Mission control at Cyber Storm V in Washington, Tuesday, March 8, 2016.

Mission control at Cyber Storm V in Washington, Tuesday, March 8, 2016. Tami Abdollah/AP

How One Intelligence Agency Is Opening Up to Startups

A invitation from the Pentagon's mapping arm could be the first of more outreach to early-stage private-sector companies.

One spy agency is moving past a reputation for mysterious activity by actively networking with commercial startups.

The National Geospatial-Intelligence Agency has recently been making deliberate efforts to meet early-stage private sector companies developing technology that might be viable to its multifaceted mission to provide intel for national-security efforts, and humanitarian and relief agencies.

Nextgov spoke with Erwin Godoy, chief innovation strategist at NGA’s Enterprise Innovation Office, about the agency’s broader goals. This conversation has been edited for length and clarity.

Godoy: For the most part, the government has tended to be very passive. We are sought-after customers by our traditional industry. We have traditional windows such as FedBizOpps—that’s usually where we kind of wait and see if people answer our requests.

While that worked for us great in the '90s and the first part of the decade … the rate of technological change, the rate of new companies coming out ... has just been so fast, coming out of Silicon Valley, often New York, Boston, these hubs are driving innovation in our economy at large. Most of these companies aren’t used to doing business with government; they don’t even know how to start.

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Nextgov: How has NGA’s approach evolved?

Godoy: The first step we did in this journey ... was the GeoInt Solutions Marketplace, that put [our] problems out there on a website. That’s still a very passive act ... people still have to find us.

When NGA decided to build upon [the marketplace], they decided to set up an enterprise innovation office outside of their technology group. We used to be the center for innovation at GeoInt, now that’s no longer the case. [We decided we] actually need to do more in attack mode, we need to be more forward leaning to try to engage some of these companies.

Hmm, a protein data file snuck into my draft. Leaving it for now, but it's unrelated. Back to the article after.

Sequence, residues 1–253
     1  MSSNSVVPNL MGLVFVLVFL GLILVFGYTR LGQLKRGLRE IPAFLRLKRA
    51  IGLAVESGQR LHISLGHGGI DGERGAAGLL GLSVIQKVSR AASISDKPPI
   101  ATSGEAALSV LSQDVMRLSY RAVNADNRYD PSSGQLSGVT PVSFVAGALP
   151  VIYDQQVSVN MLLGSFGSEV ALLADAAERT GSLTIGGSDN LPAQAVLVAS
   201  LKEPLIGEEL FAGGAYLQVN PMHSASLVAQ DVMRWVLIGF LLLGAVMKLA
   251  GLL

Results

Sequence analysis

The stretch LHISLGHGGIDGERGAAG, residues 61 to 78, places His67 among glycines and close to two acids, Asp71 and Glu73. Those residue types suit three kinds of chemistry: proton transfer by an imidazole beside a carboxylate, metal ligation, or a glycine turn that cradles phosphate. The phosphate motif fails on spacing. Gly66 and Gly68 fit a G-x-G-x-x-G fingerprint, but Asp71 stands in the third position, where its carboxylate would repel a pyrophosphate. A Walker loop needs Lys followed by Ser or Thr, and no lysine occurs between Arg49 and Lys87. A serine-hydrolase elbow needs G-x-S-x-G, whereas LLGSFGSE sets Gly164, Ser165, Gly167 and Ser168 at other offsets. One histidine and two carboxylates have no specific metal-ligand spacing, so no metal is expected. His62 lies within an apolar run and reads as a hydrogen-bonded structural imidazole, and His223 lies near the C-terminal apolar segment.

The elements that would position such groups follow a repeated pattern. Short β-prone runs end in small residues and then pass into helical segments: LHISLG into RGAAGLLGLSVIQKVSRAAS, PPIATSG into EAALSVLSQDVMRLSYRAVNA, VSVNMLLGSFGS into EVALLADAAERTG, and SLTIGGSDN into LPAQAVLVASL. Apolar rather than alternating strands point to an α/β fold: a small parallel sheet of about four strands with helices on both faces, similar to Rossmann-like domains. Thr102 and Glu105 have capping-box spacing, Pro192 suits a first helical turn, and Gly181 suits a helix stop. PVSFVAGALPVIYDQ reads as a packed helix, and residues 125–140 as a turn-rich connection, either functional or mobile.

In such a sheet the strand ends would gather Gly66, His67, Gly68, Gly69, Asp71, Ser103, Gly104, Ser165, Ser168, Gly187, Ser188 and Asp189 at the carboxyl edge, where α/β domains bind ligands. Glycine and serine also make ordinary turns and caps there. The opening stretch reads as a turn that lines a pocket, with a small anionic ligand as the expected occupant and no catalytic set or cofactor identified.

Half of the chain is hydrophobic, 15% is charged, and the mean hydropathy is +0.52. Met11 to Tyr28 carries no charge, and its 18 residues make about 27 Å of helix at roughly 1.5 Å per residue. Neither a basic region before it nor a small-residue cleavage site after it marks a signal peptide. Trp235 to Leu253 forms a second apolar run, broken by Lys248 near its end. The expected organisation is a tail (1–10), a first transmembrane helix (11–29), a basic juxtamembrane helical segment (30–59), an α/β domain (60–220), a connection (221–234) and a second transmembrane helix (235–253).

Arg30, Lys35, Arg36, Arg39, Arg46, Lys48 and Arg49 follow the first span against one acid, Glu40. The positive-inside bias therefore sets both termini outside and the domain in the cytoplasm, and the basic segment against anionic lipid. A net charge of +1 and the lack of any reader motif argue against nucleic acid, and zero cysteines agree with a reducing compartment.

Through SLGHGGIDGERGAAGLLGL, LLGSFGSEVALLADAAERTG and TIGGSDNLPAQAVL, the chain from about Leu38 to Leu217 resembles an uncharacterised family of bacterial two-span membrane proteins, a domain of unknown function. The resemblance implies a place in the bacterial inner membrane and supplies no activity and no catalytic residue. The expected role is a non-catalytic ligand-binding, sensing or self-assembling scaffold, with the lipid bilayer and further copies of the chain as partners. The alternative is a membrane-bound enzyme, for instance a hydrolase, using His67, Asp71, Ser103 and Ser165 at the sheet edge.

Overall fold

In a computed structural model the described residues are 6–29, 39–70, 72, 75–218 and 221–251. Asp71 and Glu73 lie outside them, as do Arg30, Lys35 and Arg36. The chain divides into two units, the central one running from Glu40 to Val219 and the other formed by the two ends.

Nextgov: Why is NGA interested in co-working spaces and incubators?

Godoy: [NGA’s] research organization was given a similar mandate and they actually had the first move within the agency to set up an NGA of the Valley … to be able to colocate and work with some of the startups there, in the same fashion as [Defense Department's DIUx].

We need to explore what other tech sectors would be viable for us, but how do we do it in a fashion that is not a huge infrastructural investment? I started thinking about how we can minimize our cost to be able to experiment in these new places: Why don’t we start exploring development relationships with incubators?

Incubators have a very good understanding of what is the technology sector, what is the market. In going to New York, we decided to look for a place where we could just have that relationship at a minimal cost. Civic Hall was a place we were introduced to in February of this past year whose mission it is ... to give rise to civic tech.

Nextgov: What are the mechanics of embedding in an incubator?

Godoy: We were able to dedicate a full-time equivalent, one of our employees, to be a tech scout to be responsible for setting up that network up there.

In the D.C. area, we’ve identified Eastern Foundry ... to help tech startups to be able to enter the government market, [and] we work out of there once a week. Folks have a membership there and folks sort of cohabitate there and begin getting acclimated to the tech world, and at the same time are scouting and seeing what’s going on at the grassroots.

In developing a partnership with [accelerator program Dcode 42], it just gives us an opportunity to have that communication and that dialogue with these incubators. We’ve done that in New York, we’ve done that here in D.C. Next place we decided to move to is in the Austin, San Antonio area.

Nextgov: Are tech scouts really that new at NGA?

Godoy: We’re not trying to compete with In-Q-Tel. But what we are trying to do is we’re trying to look for technologies that are pretty much ready to go—they don’t necessarily require much development. They will be pretty much ready to go in six to seven months.

In-Q-Tel serves a purpose, to find those early stage companies and invest in them, but there’s more need than we have than In-Q-Tel can actually fill. I’m not aware that NGA has done tech scouting per se. If we did anything, we’d go and talk to our traditional industry. When you are the primary customer for an in industry, the industry tends to follow you.